1. Statutory surveys of hatch covers and their coamings are to be carried out by the Administration as part of the annual survey required by article 14 of the International Convention on Load Lines, 1966, as modified by the 1988 Protocol relating thereto. The International Maritime Organization (IMO) adopts the International Code on the Enhanced Program of Inspections During Surveys for Bulk Carriers and Oil Tankers, 2011 (2011 ESP Code) by means of the Resolution A. 1049 (27) regarding IMO mandatory inspection regime for tankers and bulk carriers which contains the approved text as set out in the annex to this Resolution.
  2. A thorough survey of hatch covers and coamings is only possible by examination in the open as well as closed positions and should include verification of proper opening and closing operation. As a result, at least 50% of hatch cover sets should be surveyed open, closed and in operation to the full extent in each direction, at each annual survey. The closing of the covers should include the fastening of all peripheral, and cross joint cleats or other securing devices. Particular attention should be paid to the condition of hatch covers in the forward 25% of the ship’s length, where sea loads are normally greatest.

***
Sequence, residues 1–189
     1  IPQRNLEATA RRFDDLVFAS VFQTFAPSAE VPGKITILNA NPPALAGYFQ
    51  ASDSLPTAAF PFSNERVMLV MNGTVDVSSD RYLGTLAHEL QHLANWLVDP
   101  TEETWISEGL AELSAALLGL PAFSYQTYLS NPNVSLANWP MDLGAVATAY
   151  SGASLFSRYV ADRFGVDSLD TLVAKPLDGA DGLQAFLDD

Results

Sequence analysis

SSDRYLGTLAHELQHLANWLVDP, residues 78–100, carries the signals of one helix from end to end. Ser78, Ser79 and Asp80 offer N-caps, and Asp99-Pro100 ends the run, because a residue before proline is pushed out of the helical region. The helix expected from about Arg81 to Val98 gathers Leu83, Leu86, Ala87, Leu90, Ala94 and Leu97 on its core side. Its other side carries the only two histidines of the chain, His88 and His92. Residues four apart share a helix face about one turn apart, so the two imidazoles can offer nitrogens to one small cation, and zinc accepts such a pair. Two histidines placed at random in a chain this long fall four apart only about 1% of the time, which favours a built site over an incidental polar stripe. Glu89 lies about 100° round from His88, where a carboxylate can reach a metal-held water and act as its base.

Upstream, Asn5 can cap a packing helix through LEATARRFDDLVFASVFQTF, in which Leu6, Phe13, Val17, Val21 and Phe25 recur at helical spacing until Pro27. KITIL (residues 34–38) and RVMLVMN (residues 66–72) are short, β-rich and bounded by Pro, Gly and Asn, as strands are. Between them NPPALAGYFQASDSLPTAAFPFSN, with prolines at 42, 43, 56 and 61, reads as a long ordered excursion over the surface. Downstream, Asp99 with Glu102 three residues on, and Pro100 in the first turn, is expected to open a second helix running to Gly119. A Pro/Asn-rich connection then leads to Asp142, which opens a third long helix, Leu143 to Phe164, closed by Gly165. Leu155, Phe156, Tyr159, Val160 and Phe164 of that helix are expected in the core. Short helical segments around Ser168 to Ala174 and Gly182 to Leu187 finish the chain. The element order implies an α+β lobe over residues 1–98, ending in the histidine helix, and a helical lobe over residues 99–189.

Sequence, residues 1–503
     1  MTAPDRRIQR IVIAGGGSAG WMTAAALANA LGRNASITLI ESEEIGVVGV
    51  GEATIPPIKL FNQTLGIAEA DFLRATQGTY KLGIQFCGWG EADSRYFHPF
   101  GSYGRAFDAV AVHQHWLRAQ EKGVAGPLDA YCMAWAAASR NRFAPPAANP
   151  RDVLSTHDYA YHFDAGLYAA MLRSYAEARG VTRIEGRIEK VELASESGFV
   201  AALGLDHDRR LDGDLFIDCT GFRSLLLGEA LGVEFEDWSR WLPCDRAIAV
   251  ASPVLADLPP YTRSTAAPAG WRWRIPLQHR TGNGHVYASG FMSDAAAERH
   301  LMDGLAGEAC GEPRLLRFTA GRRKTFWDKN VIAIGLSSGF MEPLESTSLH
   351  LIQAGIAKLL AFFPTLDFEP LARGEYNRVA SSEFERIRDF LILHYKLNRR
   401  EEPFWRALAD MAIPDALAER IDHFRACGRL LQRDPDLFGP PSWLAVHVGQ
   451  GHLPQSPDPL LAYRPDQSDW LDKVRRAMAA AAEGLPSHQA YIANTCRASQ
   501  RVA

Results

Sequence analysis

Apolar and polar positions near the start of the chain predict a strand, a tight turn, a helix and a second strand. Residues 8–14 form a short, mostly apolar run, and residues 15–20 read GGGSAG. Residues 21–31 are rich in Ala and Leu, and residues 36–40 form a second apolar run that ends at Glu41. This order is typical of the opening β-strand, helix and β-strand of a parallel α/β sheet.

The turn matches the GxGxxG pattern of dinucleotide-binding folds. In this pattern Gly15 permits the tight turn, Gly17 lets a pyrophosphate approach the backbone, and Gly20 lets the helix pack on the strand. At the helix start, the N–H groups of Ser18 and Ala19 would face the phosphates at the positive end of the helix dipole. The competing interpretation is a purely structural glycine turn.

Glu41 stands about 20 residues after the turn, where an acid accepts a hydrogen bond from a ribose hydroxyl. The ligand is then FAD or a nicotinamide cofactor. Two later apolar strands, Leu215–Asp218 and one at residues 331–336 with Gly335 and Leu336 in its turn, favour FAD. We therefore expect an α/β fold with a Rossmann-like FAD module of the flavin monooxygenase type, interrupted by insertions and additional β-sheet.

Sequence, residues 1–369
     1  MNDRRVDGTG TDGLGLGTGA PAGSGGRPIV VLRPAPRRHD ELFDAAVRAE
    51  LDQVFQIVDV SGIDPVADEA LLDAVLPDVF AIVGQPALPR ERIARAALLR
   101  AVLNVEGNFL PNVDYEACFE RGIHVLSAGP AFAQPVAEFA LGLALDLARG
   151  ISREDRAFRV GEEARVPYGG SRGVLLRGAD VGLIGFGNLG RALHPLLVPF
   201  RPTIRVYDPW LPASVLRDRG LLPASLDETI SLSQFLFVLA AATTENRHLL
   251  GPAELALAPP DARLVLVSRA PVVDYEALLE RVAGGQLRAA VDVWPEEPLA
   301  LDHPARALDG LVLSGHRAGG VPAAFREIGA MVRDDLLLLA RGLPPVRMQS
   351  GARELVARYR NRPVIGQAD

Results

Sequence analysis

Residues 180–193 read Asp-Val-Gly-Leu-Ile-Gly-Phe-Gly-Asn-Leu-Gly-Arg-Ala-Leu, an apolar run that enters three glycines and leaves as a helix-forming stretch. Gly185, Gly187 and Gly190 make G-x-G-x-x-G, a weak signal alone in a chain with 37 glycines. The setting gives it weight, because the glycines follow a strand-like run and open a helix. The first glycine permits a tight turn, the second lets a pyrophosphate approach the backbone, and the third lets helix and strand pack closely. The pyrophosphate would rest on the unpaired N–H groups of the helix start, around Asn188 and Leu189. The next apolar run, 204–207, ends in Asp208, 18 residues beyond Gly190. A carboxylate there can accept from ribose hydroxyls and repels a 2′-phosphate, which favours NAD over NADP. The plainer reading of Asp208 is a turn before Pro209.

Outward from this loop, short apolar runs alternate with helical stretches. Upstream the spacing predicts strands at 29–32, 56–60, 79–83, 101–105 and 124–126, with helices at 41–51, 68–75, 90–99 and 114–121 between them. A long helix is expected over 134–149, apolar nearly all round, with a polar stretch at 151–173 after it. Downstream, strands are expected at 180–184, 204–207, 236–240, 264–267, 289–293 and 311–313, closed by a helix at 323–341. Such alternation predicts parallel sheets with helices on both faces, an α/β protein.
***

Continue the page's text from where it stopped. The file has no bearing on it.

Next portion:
3. If there are indications of difficulty in operating and securing hatch covers, additional sets above those required by 2, at the discretion of the surveyor, should be tested in operation.
  4. Owners and operators should ensure that facilities and personnel are available to perform the required hatch cover movements during each annual survey.
  5. It is implicit that if the hatch securing system cannot be properly operated, the ship will be obliged to effect repairs under the supervision of the Administration. Where hatch covers or coamings undergo substantial repairs, the strength of securing devices should comply with IACS UR S30.
  6. Owners and operators should be made aware that partial replacements in cleating systems have the potential to introduce imbalance between old and new cleats. This could result in isolated cleats being subjected to excessive loads, which may then lead to sequential failure.
  7. For each hatch cover set, at each annual survey, the following items should be surveyed:
    • cover panels, including side plates, and stiffener attachments of opened covers, by close up survey (for corrosion, cracks, deformation);
    • sealing arrangements of perimeter and cross joints (gaskets for condition and permanent deformation, flexible seals on combination carriers, gasket lips, compression bars, drainage channels and non-return valves);
    • clamping devices, retaining bars, cleating (for wastage, adjustment, and condition of rubber components);
    • closed cover locating devices (for distortion and attachment);
    • chain or rope pulleys;
    • guides;
    • guide rails and track wheels;